One great goal for Spain, one own-goal in Catalonia

8 Jul

Now imagine this.

Imagine, and I know it’s pretty unlikely, but try.

Just for one minute, try and imagine what would happen if England qualified for a World Cup final.

Especially after a less than brilliant series of matches sealed by some spectacular, if occasionally lucky goals.

After a semi-final against a powerful opponent who had possibly played better than anyone in the tournament so far.

A semi final in which EVERY SINGLE PLAYER pulled their weight, defending, assisting, passing and repeatedly shooting at goal.

There would, by rights, be dancing in the streets, singing, drinking, cheering and flag-waving. There would be a sense of unity and shared joy up and down the country, and the next day all the newspapers would have a big picture of the team or the goalscorers, maybe a Union Jack somewhere and a big headline saying YES! or FOOTBALL’S COMING HOME or IT’S 1966 ALL OVER AGAIN, and (in the case of the tabloids) several politically incorrect drubbings of the other team – especially if they happened to be Germany, Argentina or France.

But all the papers would have the beaming faces of Rooney, Lampard, Ashley Cole, Capello and the rest of ’em splashed all over the front page and the back page too, from The Guardian to the Daily Mail, from the Yorkshire Post to the Tooting and Mitcham Advertiser, regardless of political leanings. I would even wager that England players might even make the front pages of The Scotsman despite the fact that many Scotland fans had vowed to support any other team but England.

So, given the fact that Spain have just achieved such a feat, and have never made it past the quarter finals before in any World Cup, you’d expect the press to be united in their praise of the national team’s sterling effort, putting political and regional differences aside for once?

After all, Marca journalists did witness Spanish flags in the Plaza Canaletas – where Barça fans celebrate their teams victories – and people shouting “oa oa oa, Barcelona es española”, which did at one stage seem as likely as Maradona wearing an England shirt.

But then again, the goal that made the difference was from shaggy-haired warrior” Carles Puyol, Barça captain and genuine Catalan. Xavi, and Piqué are also Catalans and on the blaugrana payroll, while Capdevila was born in Lérida (or Lleida, if you must). Iniesta is a key Barça player, and if I’m not wrong Cesc Fabregas came to prominence in the Camp Nou youth teams. Pedro also played a key part in yesterday’s match, and he also has a few blue and red shirts hanging in his wardrobe back in BCN.

So really, much as many Madridistas (of which I count myself) may knock Barça – especially after Joan Laporta tried to use the club as a springboard to his dreams of a recession-proof future in nationalist politics (until the fraud squad get on to you.. or DEC/Salvame/La Noria etc, ask Julián Muñoz!) the truth is that many of Spain’s best players play there, and from next season that includes David Villa as well.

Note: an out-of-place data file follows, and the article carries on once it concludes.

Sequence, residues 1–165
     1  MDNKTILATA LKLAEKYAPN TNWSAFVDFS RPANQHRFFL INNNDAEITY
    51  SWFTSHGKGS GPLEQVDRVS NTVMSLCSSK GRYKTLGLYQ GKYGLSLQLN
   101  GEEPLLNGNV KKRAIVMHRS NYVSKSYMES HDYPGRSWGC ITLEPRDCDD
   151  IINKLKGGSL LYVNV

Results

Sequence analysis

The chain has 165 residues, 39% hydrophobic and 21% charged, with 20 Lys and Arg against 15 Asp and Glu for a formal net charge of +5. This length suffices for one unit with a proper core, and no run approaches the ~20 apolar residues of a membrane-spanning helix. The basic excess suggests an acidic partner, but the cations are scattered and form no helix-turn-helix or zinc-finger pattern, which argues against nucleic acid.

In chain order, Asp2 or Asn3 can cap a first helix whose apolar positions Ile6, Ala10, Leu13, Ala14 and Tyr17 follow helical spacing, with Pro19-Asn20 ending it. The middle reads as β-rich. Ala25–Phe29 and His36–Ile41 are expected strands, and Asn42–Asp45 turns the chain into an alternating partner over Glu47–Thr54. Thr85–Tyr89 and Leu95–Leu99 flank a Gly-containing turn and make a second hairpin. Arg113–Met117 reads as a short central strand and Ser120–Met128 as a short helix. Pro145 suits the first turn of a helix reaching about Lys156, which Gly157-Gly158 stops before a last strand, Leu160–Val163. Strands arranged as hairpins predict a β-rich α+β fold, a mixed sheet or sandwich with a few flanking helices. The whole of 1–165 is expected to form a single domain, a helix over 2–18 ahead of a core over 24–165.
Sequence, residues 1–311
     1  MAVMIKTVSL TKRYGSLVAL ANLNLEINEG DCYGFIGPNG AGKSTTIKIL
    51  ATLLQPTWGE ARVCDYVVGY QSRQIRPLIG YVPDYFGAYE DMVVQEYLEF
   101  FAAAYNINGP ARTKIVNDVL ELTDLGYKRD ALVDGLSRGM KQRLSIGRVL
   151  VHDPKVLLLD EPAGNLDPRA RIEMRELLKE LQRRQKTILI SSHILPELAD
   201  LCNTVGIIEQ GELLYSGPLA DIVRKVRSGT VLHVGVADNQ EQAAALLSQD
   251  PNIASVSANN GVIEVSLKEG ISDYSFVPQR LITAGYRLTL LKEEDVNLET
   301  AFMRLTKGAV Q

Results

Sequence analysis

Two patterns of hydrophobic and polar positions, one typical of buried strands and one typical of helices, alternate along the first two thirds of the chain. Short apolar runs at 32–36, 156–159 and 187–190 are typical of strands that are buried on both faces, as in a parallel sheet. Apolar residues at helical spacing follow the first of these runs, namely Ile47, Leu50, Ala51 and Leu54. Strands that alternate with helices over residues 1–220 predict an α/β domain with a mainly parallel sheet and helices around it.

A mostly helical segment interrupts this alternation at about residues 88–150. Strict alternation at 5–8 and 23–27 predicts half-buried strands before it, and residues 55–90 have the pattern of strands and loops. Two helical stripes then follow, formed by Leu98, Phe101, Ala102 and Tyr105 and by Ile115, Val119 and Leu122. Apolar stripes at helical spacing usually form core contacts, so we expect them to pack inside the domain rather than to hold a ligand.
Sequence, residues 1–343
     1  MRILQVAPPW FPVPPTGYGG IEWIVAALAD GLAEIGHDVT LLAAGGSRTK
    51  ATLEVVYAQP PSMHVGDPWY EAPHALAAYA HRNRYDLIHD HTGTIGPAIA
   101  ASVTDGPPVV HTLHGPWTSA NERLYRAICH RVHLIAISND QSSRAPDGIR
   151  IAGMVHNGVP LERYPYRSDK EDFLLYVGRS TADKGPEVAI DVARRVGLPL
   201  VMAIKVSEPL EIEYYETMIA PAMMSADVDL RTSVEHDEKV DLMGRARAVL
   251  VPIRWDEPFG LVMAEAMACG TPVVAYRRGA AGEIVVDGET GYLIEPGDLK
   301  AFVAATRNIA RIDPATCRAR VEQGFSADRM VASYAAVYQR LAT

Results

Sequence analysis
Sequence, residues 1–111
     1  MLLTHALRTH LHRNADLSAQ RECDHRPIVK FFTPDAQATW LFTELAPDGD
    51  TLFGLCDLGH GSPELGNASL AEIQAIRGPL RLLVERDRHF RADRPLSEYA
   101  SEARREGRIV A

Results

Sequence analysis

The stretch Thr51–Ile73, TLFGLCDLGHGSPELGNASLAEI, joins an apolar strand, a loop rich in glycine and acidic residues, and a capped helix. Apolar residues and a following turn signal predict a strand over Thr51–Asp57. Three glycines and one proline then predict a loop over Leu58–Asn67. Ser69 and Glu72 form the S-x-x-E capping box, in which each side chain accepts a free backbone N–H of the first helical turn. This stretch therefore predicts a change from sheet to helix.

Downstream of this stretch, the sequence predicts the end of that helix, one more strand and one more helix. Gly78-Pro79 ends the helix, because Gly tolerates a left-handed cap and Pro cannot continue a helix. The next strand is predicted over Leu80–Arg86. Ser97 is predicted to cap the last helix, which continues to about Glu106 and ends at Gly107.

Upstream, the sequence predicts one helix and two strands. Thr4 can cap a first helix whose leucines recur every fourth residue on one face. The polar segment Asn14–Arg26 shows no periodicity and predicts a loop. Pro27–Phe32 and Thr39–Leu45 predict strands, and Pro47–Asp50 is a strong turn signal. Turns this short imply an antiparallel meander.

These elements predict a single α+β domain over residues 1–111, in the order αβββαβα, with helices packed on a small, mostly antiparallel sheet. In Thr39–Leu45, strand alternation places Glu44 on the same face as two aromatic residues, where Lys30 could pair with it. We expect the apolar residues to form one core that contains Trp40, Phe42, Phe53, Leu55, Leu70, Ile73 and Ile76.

However, the old saw that there are “two Spains” (I’m not talking about the team that played Switzerland and the team that played Germany, I’m on a geopolitical tip here) is rearing its ugly head again. Even within Catalonia itself.

Take a look at the two editions of today’s Barcelona based newspaper El Periodico (great “cool” Barcelona minimalist name – it means “the newspaper”) below, the Spanish version on the left and the Catalan version on the right.

The Spanish version is headlined RED GLORY and boasts a huge photo of triumphant Carles Puyol just after his soon-to-be-legendary header.

The Catalan version DOES NOT EVEN MENTION the match at all, and opts to go for a story about Cuba planning to free some political prisoners, along with a picture of some politicians denying any links with corruption on the costas.

It’s as if the match never happened, a bit like what the papers were like in the times of Franco… if something happened that the rulers disapproved of then rather than report on it, albeit critically, it was just ignored and not mentioned. Check the date at the top of each paper.. a big eight, TODAY.

But to look at them you’d think the Catalan one was Wednesday’s.

Come on people, this is a great day, and if you want to use the excuse that a Catalan and a Barcelona stalwart has got a handful of Barcelona players and another handful of hangers-on into a World Cup final then go ahead. But maybe if you are really shortsighted enough to consider the likes of Casillas, Sergio Ramos and Xavi Alonso as hangers-on then it could be that refereeing is the career option for you. We all love Puyol today. A credit to the nation. Whatever your concept of his nation is. Plus, in being a fan of Napalm Death, Cannibal Corpse and The Ramones (you’d never have guessed to look at him, would you), Puyol shows he has moderately better taste than the likes of (Saint) Iker Casillas who put the likes of Julio Iglesias and Manolo Escobar on his iTunes playlist. (Schweinsteiger had “Paper Planes” on his!)

Catalan sports papers like the imaginatively named Sport (Sport, El Periódico.. can you see a pattern here?) were full of praise for last night’s feat, coining the term PUYOLAZO into the bargain (you Google it!). So, “serious papers” (and what I believe people back in Blighty refer to as “haters“) in Catalonia, just get a grip and enjoy the party (and the partido on Sunday) and for God’s sake don’t line up some “Sorry Spain fails again” headline if by some unlucky chance Holland wins the match.

Then again, the Catalan Periódico did have some solace for football fans on its front page… a picture of our old friend Sara Carbonero.

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